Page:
Washington: As a candidate, Donald Trump claimed that the US government had known in advance about the September 11 attacks. He hinted that Antonin Scalia, a Supreme Court justice who died in his sleep two years ago, had been murdered. And for years, Trump pushed the notion that President Barack Obama had been born in Kenya rather than Honolulu, making him ineligible for the presidency.
None of that was true.
US President Donald Trump
Last week, Trump promoted new, unconfirmed accusations to suit his political narrative: that a "criminal deep state" element within Obama's government planted a spy deep inside his presidential campaign to help his rival, Hillary Clinton, win — a scheme he branded "Spygate." It was the latest indication that a president who has for decades trafficked in conspiracy theories has brought them from the fringes of public discourse to the Oval Office.
Now that he is president, Trump's baseless stories of secret plots by powerful interests are having a distinct effect, eroding public trust in institutions, undermining the idea of objective truth and sowing widespread suspicions about the government and news media that mirror his own.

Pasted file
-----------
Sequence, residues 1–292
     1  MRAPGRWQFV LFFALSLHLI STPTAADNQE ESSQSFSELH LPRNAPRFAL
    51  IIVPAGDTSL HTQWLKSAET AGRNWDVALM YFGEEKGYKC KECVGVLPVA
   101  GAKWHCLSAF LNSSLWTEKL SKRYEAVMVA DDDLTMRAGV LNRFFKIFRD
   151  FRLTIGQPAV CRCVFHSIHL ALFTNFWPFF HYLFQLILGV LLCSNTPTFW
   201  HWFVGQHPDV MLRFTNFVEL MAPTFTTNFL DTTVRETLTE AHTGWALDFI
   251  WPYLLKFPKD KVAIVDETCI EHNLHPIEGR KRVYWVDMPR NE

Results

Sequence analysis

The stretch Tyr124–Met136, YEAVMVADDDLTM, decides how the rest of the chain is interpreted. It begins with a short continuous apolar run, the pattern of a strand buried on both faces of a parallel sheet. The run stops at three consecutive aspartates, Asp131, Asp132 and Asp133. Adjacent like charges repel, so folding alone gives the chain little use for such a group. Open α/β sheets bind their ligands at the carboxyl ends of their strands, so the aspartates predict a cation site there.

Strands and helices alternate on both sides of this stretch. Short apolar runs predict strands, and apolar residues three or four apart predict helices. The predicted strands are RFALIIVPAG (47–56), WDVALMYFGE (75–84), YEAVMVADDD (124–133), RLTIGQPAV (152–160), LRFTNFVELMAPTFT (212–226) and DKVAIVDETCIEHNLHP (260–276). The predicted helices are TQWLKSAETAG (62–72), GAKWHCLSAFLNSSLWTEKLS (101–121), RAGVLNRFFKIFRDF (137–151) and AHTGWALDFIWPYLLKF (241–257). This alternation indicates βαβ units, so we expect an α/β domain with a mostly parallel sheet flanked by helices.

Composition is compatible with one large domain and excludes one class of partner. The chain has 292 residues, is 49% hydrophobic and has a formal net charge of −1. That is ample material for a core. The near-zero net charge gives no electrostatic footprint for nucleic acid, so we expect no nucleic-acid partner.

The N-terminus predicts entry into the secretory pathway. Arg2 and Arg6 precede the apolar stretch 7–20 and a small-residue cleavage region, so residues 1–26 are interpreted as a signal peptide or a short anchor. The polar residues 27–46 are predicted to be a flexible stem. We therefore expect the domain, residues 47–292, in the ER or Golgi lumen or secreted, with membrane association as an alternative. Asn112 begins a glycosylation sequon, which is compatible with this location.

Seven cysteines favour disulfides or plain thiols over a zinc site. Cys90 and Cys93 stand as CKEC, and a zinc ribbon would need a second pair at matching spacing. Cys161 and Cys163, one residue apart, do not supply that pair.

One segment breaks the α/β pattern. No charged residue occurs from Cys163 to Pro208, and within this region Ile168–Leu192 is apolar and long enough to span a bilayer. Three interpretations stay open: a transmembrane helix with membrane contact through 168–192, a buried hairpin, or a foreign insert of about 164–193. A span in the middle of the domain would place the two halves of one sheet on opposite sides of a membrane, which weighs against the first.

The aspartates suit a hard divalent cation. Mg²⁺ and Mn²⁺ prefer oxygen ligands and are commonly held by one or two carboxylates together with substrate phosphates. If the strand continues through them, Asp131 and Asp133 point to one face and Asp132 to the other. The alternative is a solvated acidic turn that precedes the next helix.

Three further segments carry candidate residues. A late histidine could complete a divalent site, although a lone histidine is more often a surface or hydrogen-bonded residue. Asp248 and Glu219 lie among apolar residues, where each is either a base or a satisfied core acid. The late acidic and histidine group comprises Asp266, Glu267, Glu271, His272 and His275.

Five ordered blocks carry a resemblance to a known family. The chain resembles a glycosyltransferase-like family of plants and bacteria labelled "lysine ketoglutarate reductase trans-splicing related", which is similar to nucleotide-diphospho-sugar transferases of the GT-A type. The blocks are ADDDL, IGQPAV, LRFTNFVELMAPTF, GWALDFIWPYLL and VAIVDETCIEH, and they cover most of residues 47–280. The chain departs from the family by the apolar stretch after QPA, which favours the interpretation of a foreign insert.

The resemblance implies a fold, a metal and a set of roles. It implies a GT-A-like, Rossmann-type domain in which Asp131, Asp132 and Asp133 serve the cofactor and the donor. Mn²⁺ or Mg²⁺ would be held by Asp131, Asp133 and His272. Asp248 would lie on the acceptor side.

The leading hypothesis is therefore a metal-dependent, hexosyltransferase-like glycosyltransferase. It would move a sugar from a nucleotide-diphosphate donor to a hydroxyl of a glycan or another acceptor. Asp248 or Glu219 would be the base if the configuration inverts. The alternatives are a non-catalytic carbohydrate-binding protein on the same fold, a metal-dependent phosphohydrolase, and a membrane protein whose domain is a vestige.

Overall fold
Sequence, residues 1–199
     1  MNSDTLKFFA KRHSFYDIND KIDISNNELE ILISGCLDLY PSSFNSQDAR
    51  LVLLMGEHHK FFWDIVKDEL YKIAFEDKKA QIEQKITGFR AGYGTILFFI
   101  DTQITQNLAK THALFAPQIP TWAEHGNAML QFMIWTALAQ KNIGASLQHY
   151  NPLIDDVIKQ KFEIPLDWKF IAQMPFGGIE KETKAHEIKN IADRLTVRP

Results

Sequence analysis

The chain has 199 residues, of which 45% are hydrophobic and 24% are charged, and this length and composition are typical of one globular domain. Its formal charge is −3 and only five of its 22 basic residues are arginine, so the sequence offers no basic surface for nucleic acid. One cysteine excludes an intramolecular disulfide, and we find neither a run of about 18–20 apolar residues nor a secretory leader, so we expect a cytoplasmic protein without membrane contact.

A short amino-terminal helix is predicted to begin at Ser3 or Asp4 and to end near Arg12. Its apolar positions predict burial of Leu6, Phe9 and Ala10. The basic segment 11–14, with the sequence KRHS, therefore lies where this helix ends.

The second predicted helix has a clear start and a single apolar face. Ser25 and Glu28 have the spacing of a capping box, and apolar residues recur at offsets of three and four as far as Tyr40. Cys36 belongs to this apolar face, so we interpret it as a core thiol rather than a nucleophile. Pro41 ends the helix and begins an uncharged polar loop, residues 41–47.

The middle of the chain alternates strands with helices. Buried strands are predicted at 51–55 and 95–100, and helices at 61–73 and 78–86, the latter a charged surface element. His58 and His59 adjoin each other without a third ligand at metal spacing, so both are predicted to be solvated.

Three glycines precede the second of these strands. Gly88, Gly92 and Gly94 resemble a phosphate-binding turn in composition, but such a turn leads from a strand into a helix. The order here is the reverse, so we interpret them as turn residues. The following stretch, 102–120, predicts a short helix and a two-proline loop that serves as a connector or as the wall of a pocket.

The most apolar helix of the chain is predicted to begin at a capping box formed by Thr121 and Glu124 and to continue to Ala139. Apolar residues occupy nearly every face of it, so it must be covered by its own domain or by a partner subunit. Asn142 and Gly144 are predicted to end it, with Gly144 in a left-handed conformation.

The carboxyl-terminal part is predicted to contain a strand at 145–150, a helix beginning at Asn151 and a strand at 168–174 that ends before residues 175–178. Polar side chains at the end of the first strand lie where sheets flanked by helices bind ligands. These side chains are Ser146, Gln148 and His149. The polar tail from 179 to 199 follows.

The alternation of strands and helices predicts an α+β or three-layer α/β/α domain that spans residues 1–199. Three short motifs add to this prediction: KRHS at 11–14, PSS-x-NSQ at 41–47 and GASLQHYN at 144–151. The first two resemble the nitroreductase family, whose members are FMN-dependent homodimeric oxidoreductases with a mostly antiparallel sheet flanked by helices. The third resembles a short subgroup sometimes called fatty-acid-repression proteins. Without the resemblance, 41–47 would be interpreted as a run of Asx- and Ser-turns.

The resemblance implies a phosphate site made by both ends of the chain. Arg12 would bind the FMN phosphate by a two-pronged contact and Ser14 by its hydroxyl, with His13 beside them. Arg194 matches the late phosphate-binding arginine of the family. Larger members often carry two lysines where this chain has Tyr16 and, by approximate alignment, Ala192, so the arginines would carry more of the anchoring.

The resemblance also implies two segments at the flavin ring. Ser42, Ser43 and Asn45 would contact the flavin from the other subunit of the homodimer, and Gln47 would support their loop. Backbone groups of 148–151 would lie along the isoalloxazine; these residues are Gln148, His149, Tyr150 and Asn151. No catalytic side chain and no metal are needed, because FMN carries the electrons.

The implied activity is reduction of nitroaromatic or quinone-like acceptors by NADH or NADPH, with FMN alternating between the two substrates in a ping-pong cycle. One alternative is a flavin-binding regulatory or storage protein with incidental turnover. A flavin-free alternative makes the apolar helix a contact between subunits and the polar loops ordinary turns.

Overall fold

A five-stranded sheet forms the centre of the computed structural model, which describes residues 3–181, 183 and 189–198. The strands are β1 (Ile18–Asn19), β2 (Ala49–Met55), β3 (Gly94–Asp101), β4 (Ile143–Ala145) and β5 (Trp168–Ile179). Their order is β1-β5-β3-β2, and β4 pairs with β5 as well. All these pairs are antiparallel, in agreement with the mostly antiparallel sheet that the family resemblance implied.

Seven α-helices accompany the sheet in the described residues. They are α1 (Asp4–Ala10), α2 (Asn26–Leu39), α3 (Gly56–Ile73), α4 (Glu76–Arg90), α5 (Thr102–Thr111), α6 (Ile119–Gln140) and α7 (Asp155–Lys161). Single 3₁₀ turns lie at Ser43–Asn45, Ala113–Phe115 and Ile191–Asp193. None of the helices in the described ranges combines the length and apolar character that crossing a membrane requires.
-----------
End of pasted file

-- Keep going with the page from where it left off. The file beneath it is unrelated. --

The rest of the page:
"The effect on the life of the nation of a president inventing conspiracy theories in order to distract attention from legitimate investigations or other things he dislikes is corrosive," said Jon Meacham, a presidential historian and biographer.
"The diabolical brilliance of the Trump strategy of disinformation is that many people are simply going to hear the charges and countercharges, and decide that there must be something to them because the president of the United States is saying them."
The effects were evident in Washington on Thursday, when the Justice Department held a pair of unusual briefings with lawmakers to share sensitive information about the special counsel investigation into Russia's meddling in the 2016 election and whether the Trump campaign worked with Moscow to sway the contest. Those sessions came about because the president publicly hectored the department to cough up information about an FBI informant he branded a political spy against him.
US Supreme Court Justice Antonin Scalia in 2005.